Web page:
Because He’s Black

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Duane Buck.

Does that name mean anything to you?

I started writing this blog to present the history of uncivil rights in this country, motivated by the rising overt racism in this country that, so ironically, President Obama’s Presidency engendered.

Unfortunately, history in uncivil rights is being made every day now. Duane Buck is a case in point.

DuaneBuck

Duane Buck

He is an African-American man who could make case history when the Supreme Court considers his appeal of his death sentence meted out by Texas because of an “expert” witness who says that he will continue to be dangerous because he is black.

Mr. Buck is a murderer. He admits it. He killed his ex-girlfriend and a male friend of hers in 1995. He has been on death row since his conviction and sentencing.

In Texas, the key to whether someone is put to death or not is based on “future

Quijano

Walter Quijiano

dangerousness.” In a supremely tragic irony, it was Mr. Buck’s own lawyer who called the now notorious psychologist Walter Quijano, who testified that Mr. Buck’s race is an indicator of that dangerousness. The prosecutor, who must have been jumping with joy, was able to have the psychologist re-confirm that notion.

 

In more than 100 capital cases, Mr. Quijano, who is from the Philippines, testified that African-American and Latino defendants were especially dangerous.

Because it was Mr. Buck’s lawyer who put the psychologist on the stand, thereby allowing him to make his conclusion, Mr. Buck – unlike several other successful death sentence appeals involving the same testimony – has not been considered entitled to a discrimination-free hearing.

The Supreme Court stayed Mr. Buck’s execution in 2011, but at the same time denied an appeal based on the psychologist’s lethal judgment. The new appeal is based on Mr. Buck’s rightful claim that his trial lawyer was ineffective. And according to the Houston Chronicle, even the assistant district attorney who originally prosecuted him agrees that he should have a new sentencing hearing.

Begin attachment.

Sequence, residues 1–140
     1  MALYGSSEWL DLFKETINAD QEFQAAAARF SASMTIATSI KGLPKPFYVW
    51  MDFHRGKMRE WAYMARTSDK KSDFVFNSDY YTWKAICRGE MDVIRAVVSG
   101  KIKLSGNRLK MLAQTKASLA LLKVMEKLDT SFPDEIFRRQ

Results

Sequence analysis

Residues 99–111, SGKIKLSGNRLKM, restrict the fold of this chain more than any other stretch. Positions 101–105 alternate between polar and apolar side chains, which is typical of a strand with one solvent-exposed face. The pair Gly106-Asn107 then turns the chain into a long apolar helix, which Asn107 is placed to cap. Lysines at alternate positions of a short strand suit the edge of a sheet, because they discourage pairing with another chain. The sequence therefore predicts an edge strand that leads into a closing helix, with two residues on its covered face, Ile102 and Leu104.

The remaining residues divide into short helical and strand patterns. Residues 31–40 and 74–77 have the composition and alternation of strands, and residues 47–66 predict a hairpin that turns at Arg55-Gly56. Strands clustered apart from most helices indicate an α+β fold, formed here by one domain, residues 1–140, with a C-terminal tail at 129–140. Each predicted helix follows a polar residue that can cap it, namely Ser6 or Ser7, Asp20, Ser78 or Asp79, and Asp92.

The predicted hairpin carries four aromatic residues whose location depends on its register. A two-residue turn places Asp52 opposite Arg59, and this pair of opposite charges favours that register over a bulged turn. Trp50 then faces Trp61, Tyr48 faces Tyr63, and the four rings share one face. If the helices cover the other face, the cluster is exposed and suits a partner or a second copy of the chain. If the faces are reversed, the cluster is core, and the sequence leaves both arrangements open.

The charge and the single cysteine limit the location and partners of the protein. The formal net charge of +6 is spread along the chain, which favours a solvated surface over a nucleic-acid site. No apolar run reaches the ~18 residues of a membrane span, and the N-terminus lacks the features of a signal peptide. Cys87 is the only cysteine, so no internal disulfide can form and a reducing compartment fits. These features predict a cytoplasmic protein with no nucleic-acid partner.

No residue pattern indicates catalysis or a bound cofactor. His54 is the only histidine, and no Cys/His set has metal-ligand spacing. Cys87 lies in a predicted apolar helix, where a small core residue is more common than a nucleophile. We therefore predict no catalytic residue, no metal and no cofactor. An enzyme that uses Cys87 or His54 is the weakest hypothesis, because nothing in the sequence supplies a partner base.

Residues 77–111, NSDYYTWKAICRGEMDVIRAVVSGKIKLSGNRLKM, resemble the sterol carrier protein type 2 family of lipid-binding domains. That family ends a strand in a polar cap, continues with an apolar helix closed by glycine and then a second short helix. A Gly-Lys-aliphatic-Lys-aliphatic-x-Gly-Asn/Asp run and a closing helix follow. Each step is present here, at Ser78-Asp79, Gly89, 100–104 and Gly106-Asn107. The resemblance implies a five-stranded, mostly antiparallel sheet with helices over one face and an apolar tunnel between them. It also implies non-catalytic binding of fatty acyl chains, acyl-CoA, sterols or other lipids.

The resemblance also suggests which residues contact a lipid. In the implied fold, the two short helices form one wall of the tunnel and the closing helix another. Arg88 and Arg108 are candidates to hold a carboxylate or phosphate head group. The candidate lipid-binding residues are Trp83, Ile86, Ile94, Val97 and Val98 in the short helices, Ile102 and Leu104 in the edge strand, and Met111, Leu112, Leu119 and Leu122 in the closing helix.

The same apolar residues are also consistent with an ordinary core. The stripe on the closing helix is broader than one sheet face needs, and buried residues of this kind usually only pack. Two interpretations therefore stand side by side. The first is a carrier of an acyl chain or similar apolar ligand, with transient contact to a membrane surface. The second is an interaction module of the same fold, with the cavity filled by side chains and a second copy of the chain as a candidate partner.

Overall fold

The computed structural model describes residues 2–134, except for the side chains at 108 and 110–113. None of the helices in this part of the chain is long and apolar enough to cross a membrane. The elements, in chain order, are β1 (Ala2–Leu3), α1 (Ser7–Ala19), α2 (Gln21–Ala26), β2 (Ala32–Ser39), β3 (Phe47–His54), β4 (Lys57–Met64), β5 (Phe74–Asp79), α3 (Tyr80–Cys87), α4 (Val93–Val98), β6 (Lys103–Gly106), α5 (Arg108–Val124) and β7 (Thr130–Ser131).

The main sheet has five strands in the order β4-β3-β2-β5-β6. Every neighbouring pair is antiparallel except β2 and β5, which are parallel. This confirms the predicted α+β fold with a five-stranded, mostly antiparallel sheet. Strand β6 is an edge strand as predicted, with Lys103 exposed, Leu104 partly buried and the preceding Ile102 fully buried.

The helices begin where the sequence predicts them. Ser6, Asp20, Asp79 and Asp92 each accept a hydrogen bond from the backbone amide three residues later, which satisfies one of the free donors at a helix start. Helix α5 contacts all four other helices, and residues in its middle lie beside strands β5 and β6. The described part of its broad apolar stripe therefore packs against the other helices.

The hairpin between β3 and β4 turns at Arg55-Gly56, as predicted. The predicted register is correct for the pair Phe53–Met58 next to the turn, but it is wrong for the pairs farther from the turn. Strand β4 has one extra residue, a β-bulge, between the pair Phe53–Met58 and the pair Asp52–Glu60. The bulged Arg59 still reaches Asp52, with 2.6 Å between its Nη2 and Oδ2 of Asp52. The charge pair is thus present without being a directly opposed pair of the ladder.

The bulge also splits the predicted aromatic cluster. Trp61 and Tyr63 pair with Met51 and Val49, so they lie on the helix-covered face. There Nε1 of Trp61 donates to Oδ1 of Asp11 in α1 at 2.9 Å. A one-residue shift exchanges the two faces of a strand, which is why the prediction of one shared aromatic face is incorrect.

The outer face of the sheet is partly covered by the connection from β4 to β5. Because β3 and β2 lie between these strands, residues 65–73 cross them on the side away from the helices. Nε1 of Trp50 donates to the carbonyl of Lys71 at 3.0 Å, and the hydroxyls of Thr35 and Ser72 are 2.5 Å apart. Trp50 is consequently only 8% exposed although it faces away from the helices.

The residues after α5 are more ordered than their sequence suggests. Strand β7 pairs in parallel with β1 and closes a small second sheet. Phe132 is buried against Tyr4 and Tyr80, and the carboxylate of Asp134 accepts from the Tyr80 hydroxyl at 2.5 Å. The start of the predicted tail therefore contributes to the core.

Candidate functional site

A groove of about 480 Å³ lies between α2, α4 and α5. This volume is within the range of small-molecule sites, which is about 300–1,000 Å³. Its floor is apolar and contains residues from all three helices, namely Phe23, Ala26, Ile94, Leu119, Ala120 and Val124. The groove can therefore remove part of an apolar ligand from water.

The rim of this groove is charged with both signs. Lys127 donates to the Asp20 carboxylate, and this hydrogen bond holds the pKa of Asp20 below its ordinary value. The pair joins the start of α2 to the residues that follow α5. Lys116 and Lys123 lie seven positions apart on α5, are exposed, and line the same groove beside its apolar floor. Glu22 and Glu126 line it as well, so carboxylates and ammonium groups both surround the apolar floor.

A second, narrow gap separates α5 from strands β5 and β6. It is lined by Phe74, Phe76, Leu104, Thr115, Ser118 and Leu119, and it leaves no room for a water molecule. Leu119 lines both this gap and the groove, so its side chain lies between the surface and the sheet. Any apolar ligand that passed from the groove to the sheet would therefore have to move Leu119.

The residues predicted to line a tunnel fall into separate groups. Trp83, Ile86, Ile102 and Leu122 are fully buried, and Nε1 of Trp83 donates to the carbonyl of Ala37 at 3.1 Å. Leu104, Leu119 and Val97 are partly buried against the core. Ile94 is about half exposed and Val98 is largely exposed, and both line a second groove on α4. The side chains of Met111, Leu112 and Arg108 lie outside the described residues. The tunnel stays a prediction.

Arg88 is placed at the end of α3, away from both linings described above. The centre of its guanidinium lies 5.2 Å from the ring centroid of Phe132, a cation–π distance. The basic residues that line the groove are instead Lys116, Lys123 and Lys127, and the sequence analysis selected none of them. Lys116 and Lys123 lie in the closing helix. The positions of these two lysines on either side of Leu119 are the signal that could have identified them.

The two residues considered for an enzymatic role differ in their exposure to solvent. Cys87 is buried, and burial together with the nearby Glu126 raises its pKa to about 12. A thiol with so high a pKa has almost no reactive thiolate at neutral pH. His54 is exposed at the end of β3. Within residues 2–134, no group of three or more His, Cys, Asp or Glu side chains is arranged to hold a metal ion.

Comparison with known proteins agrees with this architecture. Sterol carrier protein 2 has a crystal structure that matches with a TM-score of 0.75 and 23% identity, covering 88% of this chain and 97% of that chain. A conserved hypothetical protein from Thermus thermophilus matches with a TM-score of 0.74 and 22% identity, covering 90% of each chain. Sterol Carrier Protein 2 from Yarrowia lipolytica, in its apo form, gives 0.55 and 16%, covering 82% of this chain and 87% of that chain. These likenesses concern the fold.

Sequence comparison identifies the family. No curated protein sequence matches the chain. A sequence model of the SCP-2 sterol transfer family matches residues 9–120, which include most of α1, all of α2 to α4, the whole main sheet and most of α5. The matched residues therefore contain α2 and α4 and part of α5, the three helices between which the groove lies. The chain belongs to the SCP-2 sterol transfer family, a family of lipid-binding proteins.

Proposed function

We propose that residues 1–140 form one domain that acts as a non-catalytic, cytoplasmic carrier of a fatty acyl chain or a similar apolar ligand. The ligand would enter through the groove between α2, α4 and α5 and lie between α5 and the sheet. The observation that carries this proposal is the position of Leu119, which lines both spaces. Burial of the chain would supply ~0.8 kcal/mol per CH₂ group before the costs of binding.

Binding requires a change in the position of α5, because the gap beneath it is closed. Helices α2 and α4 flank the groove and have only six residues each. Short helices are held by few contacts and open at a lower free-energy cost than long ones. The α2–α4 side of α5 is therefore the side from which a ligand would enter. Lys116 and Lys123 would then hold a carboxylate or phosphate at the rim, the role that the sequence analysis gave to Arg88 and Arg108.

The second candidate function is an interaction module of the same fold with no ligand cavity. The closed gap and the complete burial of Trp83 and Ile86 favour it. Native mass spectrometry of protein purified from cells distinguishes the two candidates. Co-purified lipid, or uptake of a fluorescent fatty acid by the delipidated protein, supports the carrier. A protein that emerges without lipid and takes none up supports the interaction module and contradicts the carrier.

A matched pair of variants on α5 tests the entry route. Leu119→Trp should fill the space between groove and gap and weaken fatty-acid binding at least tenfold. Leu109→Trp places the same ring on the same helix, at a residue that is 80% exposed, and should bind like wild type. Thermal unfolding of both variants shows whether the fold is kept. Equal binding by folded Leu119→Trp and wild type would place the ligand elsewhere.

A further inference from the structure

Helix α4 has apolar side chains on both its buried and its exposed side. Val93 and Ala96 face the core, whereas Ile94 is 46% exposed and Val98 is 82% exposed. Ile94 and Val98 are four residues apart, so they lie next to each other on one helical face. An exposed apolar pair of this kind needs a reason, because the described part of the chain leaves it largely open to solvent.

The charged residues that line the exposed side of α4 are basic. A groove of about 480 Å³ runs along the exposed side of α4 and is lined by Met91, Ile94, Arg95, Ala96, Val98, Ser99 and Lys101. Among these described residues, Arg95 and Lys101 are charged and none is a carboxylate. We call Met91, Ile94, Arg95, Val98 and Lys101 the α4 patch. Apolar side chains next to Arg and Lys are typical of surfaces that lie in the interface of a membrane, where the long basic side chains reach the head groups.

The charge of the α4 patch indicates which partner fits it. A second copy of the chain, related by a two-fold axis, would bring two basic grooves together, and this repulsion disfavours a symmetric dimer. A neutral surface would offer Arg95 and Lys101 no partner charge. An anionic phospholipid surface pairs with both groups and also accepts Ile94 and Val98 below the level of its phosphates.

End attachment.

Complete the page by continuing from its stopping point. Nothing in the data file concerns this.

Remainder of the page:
The world should be watching SCOTUS closely when it hears and debates this appeal. It goes to the heart of all that has been wrong in this country for hundreds of years in the matter of color. The psychologist’s testimony could have come out of the mouth of a slave-owner two hundred years ago as a reason not to free slaves. How long will we let it go on?

Footnote: A word on the notion of “future dangerousness” being considered when deciding judicial murder. Aside from all of my other objections to the death penalty, this notion allows jurors to play God and pretend that they can see into the heart and soul of another human being. Daily I meet people who think they understand other people’s motivations, and they are so far from the truth that it is laughable.

In the case of judicial murder, it is not a laughing matter. For anyone to think they can judge whether a human being who has admitted guilt will not someday truly atone for what he or she has done and work out their repentance in miraculous ways is to say that human life itself is meaningless.

For that is what life is, in my opinion: a classroom in which we all have opportunities to do good or to do evil and to let the good we do generate more good and the evil we do teach us to recognize where we went wrong and therefore find the path that leads to good.

By the standard of “future dangerousness,” many of our Presidents and politicians, past and present, would not be long for this world.

 

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